Wednesday, March 31, 2021

Punk Rock Conservative?

Philosophical question: are punk and conservative antithetical or symbiotic?

As I continue to work on the idea of Henry David Thoreau as America's first punk rock poet, I have been reading through reflections and commentary on the rise of punk as a movement, and I'm pondering the political and philosophical implications. My starting point for the "what is punk" question is the Punk Manifesto, written by Bad Religion frontman Greg Graffin. It's worth reading the whole piece, as well as checking out Graffin's book Anarchy Evolution. For, as many people will attest, punk is a social movement that is not just about the music or the fashion or the posture. It's an identity and belief system grounded in the integrity of individual identity amidst a world and society that pushes stifling conformity.

As I posed and discussed my question on social media, I heard many of the standard descriptors of punk as anti-establishment and even anarchistic. Yet, I want to probe deeper into those ideas. For example, is the primary focus "anti-establishment," or is it simply "pro-individual" and promoting individual liberty and self respect? That distinction is what led to my question about conservatism, as opposed to progressivism. Of course, anytime the idea of political ideology is broached, we must address the role of the Trumpian Republican party as well as the intrusion of Nazi-skinheads into punk at various times over the years. These forces are certainly problematic.

So, as I continue to ponder, I'll conclude with Graffin's summation:

PUNK IS: the personal expression of uniqueness that comes from the experiences of growing up in touch with our human ability to reason and ask questions.

PUNK IS: a movement that serves to refute social attitudes that have been perpetuated through willful ignorance of human nature.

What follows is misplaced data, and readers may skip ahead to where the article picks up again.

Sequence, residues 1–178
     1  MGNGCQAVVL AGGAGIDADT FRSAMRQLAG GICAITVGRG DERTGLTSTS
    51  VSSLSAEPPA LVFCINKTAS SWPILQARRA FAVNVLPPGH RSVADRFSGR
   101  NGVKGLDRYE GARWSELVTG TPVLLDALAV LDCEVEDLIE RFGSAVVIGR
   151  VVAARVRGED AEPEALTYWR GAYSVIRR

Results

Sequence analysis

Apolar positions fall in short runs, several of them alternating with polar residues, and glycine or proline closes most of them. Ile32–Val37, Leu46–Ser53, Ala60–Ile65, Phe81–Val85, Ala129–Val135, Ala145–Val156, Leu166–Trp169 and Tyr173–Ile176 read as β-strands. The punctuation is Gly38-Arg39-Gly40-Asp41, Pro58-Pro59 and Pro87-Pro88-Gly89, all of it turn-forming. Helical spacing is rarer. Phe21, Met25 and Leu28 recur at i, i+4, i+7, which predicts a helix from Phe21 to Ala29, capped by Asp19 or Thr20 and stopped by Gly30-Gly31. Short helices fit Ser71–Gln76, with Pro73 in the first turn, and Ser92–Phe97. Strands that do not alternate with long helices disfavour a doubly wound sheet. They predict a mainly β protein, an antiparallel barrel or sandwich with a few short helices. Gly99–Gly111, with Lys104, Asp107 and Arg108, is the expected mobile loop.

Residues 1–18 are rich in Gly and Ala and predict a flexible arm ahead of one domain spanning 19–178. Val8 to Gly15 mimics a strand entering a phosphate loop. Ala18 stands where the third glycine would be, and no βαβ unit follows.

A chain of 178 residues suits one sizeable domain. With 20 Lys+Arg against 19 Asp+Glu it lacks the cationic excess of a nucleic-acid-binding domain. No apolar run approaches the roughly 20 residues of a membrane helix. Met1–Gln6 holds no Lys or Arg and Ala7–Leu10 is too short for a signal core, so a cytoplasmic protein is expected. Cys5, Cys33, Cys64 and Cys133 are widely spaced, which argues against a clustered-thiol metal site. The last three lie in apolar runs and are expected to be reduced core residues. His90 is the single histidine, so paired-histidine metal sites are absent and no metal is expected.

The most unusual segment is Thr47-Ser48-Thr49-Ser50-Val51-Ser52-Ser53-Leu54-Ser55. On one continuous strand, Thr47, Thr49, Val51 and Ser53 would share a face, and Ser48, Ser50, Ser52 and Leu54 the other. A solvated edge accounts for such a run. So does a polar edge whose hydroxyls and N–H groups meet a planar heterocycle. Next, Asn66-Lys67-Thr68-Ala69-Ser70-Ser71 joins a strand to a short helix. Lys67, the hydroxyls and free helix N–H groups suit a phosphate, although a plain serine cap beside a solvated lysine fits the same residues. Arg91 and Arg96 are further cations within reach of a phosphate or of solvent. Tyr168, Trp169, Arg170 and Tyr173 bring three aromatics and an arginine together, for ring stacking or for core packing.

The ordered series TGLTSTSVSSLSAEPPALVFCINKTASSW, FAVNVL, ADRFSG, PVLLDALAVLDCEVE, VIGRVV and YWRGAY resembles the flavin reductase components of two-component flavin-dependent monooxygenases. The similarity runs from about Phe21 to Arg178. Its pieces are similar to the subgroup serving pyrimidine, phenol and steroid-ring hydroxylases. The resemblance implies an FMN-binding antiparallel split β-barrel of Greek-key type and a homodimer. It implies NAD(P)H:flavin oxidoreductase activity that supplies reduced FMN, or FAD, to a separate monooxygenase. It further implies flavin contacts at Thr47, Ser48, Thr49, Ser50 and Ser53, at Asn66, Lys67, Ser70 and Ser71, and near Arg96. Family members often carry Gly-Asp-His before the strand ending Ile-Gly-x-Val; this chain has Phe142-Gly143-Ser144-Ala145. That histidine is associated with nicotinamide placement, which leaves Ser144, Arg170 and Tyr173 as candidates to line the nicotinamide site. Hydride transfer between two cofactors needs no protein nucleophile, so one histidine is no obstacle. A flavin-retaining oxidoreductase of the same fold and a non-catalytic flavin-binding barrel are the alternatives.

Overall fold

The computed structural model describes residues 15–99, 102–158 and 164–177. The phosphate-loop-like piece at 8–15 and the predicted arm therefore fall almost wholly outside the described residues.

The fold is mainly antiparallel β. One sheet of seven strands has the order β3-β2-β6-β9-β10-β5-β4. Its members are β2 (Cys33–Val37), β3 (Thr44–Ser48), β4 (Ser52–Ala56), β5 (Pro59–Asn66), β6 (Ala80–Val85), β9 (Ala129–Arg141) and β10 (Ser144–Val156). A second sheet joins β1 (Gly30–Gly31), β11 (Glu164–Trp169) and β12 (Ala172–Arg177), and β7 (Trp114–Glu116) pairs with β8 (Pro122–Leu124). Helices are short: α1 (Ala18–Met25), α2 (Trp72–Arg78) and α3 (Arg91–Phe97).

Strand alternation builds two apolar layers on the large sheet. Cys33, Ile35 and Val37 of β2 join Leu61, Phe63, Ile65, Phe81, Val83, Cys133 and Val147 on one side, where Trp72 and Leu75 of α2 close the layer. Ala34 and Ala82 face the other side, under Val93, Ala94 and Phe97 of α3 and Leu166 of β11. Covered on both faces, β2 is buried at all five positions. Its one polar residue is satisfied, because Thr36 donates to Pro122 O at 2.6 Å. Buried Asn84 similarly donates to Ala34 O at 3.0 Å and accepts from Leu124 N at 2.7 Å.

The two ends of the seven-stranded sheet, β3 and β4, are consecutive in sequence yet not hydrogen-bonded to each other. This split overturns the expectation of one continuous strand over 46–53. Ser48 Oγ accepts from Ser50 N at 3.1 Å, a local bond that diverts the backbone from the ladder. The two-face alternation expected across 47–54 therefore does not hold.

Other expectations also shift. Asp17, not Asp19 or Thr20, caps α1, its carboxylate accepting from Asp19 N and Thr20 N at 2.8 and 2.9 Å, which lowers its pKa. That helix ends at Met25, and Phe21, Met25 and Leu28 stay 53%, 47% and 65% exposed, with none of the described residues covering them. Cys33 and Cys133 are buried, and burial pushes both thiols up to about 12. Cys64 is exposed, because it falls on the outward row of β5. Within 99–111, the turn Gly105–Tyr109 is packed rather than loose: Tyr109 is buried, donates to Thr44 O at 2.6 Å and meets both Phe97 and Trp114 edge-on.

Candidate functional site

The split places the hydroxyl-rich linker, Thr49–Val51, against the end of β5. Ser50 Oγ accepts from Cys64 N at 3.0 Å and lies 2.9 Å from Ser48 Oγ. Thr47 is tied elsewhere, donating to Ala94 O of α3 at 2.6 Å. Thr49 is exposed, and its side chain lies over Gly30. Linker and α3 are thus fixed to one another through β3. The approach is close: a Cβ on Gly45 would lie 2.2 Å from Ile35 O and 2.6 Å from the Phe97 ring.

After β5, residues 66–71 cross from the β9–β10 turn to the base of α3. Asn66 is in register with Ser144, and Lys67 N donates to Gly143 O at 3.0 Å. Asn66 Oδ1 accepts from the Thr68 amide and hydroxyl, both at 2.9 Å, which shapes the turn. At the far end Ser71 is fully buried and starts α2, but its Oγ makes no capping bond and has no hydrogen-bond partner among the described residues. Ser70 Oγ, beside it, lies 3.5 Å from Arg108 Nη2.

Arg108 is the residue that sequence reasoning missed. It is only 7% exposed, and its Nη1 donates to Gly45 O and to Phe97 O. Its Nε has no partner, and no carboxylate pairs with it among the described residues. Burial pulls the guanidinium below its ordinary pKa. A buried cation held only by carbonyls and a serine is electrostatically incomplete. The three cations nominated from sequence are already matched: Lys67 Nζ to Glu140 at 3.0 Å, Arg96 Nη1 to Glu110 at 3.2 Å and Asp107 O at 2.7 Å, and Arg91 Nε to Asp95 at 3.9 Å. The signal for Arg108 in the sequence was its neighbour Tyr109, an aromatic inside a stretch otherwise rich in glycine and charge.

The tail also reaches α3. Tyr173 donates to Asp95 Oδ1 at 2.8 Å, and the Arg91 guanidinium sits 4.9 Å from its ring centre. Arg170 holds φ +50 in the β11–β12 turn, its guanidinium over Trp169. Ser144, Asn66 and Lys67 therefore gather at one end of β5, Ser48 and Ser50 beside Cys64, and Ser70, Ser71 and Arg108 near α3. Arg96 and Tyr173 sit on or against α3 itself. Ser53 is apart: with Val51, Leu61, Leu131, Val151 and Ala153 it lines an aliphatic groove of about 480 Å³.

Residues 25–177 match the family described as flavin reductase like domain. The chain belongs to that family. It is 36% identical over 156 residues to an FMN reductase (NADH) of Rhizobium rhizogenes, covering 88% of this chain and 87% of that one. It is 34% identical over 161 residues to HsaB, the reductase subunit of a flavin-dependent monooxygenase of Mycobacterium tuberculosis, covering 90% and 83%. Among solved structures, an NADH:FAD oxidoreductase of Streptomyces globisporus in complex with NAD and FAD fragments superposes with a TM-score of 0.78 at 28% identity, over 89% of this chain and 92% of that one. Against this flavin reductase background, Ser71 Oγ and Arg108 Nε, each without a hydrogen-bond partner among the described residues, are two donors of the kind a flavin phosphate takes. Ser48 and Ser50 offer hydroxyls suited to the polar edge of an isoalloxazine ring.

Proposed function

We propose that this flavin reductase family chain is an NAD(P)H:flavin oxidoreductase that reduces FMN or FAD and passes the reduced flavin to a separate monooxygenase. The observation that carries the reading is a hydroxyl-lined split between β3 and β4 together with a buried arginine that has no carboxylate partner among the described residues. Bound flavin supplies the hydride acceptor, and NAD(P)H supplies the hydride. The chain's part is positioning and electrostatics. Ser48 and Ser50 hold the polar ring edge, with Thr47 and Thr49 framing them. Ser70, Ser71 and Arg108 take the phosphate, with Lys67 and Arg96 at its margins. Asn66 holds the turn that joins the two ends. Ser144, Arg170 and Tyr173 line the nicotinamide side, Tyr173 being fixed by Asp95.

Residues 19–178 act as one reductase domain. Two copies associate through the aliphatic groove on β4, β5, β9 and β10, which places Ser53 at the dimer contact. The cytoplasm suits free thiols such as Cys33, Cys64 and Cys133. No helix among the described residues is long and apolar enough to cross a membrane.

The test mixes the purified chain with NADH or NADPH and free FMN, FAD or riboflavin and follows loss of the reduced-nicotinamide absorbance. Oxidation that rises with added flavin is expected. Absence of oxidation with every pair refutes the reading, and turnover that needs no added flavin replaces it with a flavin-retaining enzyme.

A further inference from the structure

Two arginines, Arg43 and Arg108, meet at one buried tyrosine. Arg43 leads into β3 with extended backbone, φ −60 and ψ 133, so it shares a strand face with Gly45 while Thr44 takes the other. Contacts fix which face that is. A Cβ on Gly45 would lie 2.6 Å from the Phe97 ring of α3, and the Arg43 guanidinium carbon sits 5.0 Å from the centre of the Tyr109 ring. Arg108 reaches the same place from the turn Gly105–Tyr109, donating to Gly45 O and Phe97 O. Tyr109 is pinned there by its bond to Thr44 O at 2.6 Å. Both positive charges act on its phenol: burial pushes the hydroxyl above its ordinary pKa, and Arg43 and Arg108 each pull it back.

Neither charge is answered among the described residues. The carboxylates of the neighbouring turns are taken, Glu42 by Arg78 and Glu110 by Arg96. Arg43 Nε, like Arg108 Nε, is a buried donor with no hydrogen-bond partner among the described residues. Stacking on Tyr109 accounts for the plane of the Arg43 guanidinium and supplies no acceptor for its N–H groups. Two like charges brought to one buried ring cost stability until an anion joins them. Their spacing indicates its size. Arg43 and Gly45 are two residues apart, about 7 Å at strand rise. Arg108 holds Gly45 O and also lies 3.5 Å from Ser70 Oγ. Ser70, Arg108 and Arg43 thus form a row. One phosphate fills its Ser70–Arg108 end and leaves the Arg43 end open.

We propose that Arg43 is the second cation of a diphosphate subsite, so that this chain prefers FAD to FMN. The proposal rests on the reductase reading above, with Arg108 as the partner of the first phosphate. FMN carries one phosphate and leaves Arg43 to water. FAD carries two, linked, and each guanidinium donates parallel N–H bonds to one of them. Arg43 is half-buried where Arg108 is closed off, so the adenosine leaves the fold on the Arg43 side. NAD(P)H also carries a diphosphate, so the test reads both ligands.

PUNK IS: a process of questioning and commitment to understanding that results in self-progress, and through repetition, flowers into social evolution.

PUNK IS: a belief that this world is what we make of it, truth comes from our understanding of the way things are, not from the blind adherence to prescriptions about the way things should be.

PUNK IS: the constant struggle against fear of social repercussions.

Sunday, March 28, 2021

Maybe They Should Study Art History in College

My college-age son is a true GT kid and math freak of nature who took AP Calculus as an eighth grader. Yet, he chose a college that provides a liberal arts emphasis to feed his soul as much as his mathematical mind. And while he will ultimately major in math and comp-sci, he is currently taking a rich and diverse course load for his first three semesters. My fifteen-year-old daughter is a different human altogether, and as we discuss possible colleges and career paths, I am happy to steer her toward the liberal arts. She's leaning toward a communications and media/journalism focus, with the possible path toward law school as well. 

As the humanities continue to take it on the chin from myopic thinking and bean-counting market forces, I took a look at the study of the liberal arts for my column in The Villager:  

Maybe They Should Study Art History in College

On January 20, 2021, a University of Delaware graduate who was a history and political science major with a minor in English became the forty-sixth President of the United States. That background would make Thomas Jefferson and our Founding Fathers proud, for they believed deeply in the power of a classical liberal arts education. In fact, the liberal arts were the primary focus of early higher education among those great men in order to create knowledgeable leaders who were also deep thinkers. Senate Minority leader Mitch McConnell, a political science major, would most certainly agree.

In recent economic downturns, as liberal arts programs have continued to lose funding, the nation has pursued a new focus in higher education, and it will be to the detriment of our national identity. Colleges are cutting majors mostly in the liberal arts to focus primarily on STEM careers and basic utilitarian job training. But we go to college for more than just job skills; we study to become fully actualized human beings. And the liberal arts are more useful than many might suspect. Carley Fiorina, former CEO of Hewlett-Packard and GOP presidential candidate, studied medieval history and philosophy. John Mackey, the founder and CEO of Whole Foods, majored in philosophy and religion.